What's with the epidural-shaming?

Women are being shamed for opting for an epidural during childbirth [Photo: Getty]
Women are being shamed for opting for an epidural during childbirth [Photo: Getty]

Giving birth is no walk in the park. Understatement of the year alert. But once you’re on the other side of the tears, the pain, the on-the-spot decisions and you’re holding your shiny newborn in your arms you then have to run the gauntlet of judgement about how your baby made it’s way into the world.

Because whether you opted to go au-natural or you begged for every drug going your own personal birth story is going to be judged. And nowhere is that scrutiny more felt than over the thorny subject of epidurals.

Yep, a drug introduced to offer pain-relief to mums in the thrashes of labour has now become a source of competitiveness and it’s putting already stressed-out mums-to-be under increased pressure. A recent survey by Channel Mum has revealed that a third of mums admitted to refusing pain relief during labour for fear of being judged, while one fifth of mums felt that having a caesarean section meant they had ‘failed’ at giving birth.

Like it or not the culture surrounding giving birth and particular the topic of pain relief is increasingly fuelling women to feel shame, fear or guilt about their birth decisions.

Scroll through any pregnancy, birth and new mum message boards and you’ll likely come across some heated debates about the decision to have or not to have an epidural.

From the minute you announce your pregnancy its likely everyone from your MIL to a stranger in the street will ask you whether you’re intending to have a ‘natural’ birth? And you can expect them to have an opinion on your answer, whatever that might be.

Then there’s the pressure we put on ourselves. You’d be hard-pressed to find a mum an epidural who hadn’t either felt some sort of pain-relief guilt or were made to feel they’d let themselves or their baby’s down by someone else – intentionally or otherwise.

There’s the celebrity effect too. When Miranda Kerr gave birth to her son Flynn back in 2012 she admitted refusing an epidural in efforts to avoid ‘drugging up’ her baby, even though it went against medical recommendations. Recalling how in a few of the birth videos she watched, “the baby was a little bit drugged up” when put on its mother’s breast, she decided: “Well, I don’t want that.”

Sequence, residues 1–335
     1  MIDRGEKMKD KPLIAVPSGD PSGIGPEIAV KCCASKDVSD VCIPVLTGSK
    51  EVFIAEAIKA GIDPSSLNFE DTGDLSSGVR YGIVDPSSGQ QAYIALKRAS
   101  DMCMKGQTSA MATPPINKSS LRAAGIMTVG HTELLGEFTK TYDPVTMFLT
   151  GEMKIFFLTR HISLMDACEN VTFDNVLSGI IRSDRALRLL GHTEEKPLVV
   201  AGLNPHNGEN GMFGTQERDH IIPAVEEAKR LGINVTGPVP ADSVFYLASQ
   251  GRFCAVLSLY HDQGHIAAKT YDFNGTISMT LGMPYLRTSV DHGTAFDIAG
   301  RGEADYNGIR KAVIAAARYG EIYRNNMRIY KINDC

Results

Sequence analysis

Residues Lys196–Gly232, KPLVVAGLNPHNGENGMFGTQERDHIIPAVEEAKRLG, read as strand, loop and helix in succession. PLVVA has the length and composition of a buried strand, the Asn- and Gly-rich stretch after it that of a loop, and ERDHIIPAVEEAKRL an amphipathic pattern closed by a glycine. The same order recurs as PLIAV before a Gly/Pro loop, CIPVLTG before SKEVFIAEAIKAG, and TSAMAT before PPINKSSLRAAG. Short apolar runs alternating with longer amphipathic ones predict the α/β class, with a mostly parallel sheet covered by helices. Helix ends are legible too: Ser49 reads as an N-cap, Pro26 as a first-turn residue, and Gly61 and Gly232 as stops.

The implication seems to be that an epidural is bad for the baby or in some way lessons the birth experience. But what’s the truth?

The NHS website states: “Epidurals have been routinely used for many years and are widely accepted as an effective method of pain relief after surgery, and during labour and childbirth. However, as with many medical procedures, there are some associated risks that, although small, you should be aware of before deciding whether to have an epidural.”

Those ‘risks’ include making your legs feel heavy, a drop in blood pressure, the risk of prolonging the second stage of labour and not feeling your contractions which in some cases could lead to forceps or a ventouse being needed to help deliver the baby.

Having an epidural isn't an 'easy' way out [Photo: Getty]
Having an epidural isn’t an ‘easy’ way out [Photo: Getty]

But just like any decision a mum-to-be has to make, it is her choice to make after seeking the advice of trained medical professions, and not the opinion of the woman serving your morning cappuccino!

The fact is it doesn’t make you any less of a mum if you choose to have pain relief to aide the safe arrival of your baby. And no one is going to give you a medal for doing it the ‘natural’ way or not ‘giving in’ to accept pain relief. Nor does having a drug-free birth make it any more of an experience.

There is no failure to be found in any woman who’s gone through the process of childbirth, no matter whether she chooses to have pain-relief or not. There is no such thing as ‘giving in’ or taking the ‘easy option’ when it comes to giving birth.

And lets not forget those carefully laid birth plans don’t always go to, well, plan. You might think you don’t want any form of pain-relief, but when those bad boy contractions kick in, you might well be begging for drugs of the very strongest variety. And that’s your totally fine prerogative. Last time we checked giving birth wasn’t actually a competition.

Once the baby’s here you can guarantee an onslaught of new mum judgement – breast V bottle, working V staying at home, routine V baby-led and on and on. So let’s cut out the epidural shaming shall we? Because leaving the labour ward already feeling like you’ve failed is not the greatest way to begin the motherhood journey.

What do you think? Let us know @YahooStyleUK

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